Reporting Tim Kephart
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BROOKLYN (CBSMiami) – Brooklyn Nets forward Reggie Evans said the Heat’s 2012 title should come with an asterisk because of the shortened season. Thursday night, the Heat showed Evans what a real champion looked like with a 105-85 blowout of Evans’ Nets team.
Heat superstar LeBron James took the high road when asked about Evans’ comments, saying, “I let my game do the talking.”
The Heat has repeatedly done that against the Nets in recent years. The Heat currently owns a 13-game winning streak against the New Jersey/Brooklyn Nets. The victory Thursday night also was the third consecutive time the Heat have swept the season series.
The Nets have even less hope when they play a team featuring LeBron. According to the South Florida Sun-Sentinel, a team with James on it has beaten the Nets 17 consecutive times. Needless to say, Evans’ comments were the last thing the Heat needed before taking the court in Brooklyn.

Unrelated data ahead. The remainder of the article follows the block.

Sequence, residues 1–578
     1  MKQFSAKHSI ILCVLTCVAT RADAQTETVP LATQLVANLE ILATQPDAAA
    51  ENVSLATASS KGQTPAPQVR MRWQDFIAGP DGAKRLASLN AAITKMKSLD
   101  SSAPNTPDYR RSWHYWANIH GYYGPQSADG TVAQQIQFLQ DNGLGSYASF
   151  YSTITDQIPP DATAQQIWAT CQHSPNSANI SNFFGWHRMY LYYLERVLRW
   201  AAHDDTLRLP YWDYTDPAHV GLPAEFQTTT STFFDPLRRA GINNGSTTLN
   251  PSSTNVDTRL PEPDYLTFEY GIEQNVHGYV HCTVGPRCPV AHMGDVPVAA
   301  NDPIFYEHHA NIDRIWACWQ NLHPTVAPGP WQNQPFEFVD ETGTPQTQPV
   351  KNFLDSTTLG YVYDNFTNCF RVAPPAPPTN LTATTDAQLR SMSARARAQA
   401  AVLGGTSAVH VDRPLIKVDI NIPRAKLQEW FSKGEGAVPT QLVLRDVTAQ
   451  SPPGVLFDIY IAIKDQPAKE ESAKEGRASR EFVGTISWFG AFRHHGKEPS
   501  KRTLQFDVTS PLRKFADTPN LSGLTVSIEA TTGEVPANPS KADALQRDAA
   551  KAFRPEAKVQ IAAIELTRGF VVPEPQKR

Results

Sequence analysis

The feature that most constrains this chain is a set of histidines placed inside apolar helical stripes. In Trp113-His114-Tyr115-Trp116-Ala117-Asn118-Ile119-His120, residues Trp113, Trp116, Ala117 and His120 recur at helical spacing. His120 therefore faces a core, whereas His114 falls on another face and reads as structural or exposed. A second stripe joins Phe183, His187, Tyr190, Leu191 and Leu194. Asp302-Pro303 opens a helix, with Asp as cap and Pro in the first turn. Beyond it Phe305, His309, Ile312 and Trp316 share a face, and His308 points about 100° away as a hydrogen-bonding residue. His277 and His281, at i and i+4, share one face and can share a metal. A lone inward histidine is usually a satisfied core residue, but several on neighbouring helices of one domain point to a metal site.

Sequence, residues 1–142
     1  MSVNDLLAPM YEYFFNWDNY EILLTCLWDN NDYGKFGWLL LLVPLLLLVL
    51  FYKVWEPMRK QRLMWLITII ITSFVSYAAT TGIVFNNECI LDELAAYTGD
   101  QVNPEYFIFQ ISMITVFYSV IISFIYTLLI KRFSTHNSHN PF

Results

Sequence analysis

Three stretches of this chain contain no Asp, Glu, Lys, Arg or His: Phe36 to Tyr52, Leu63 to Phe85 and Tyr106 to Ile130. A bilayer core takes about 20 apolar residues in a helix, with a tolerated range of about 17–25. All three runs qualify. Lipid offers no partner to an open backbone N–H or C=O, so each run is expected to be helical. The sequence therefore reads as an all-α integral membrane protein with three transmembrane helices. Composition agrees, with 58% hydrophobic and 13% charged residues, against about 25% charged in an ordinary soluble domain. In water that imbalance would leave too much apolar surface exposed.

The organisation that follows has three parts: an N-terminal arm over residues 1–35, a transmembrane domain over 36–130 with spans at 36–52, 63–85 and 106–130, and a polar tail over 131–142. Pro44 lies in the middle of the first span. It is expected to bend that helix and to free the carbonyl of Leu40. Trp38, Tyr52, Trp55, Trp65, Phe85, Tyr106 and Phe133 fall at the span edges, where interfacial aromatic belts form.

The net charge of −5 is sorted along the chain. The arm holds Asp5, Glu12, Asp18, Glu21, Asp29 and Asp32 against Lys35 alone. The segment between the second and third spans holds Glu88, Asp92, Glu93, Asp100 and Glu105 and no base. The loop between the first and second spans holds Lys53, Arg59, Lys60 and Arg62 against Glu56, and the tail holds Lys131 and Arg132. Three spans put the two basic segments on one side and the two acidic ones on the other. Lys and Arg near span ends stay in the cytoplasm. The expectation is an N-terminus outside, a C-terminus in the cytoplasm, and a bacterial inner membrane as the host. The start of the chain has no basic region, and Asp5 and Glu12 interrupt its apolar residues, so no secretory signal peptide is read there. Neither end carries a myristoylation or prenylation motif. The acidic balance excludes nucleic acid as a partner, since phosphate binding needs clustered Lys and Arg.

“When we’re playing at a high level, that’s what we’re capable of doing,” said James, who acknowledged being annoyed by Evans’ comments to the Daily News. “So we showed tonight what we’re capable of, both defensively and offensively. The whole package, everything, we had it going tonight.”
Miami allowed the Nets to tie the game up heading into halftime, but then killed any hopes Brooklyn had by outscoring them 36-14 in the third quarter. By the time the fourth quarter rolled around, the Heat’s big three of LeBron, Chris Bosh, and Dwyane Wade could relax on the sideline.
“It’s the first (game in the) arena, had some good old-fashioned smack talk before the game, it was great,” Bosh said. “Guys were motivated tonight. We’re trying to find a way to bring that energy every night.”
Bosh’s last statement should strike fear in the hearts of coaches around the NBA. If the Heat are truly focused in on defense and motivated to play, there’s arguably not a team in the league that can give Miami a run for its money, although Oklahoma City and San Antonio would be close.
In the 20-point victory over the Nets, Miami allowed Brooklyn to shoot just 44.9 percent from the field and 29 percent from behind the 3-point line. Miami shot 52 percent from the field and 58 percent from downtown. Miami did struggle at the free throw line, hitting just 57.1 percent of shots from the charity stripe.
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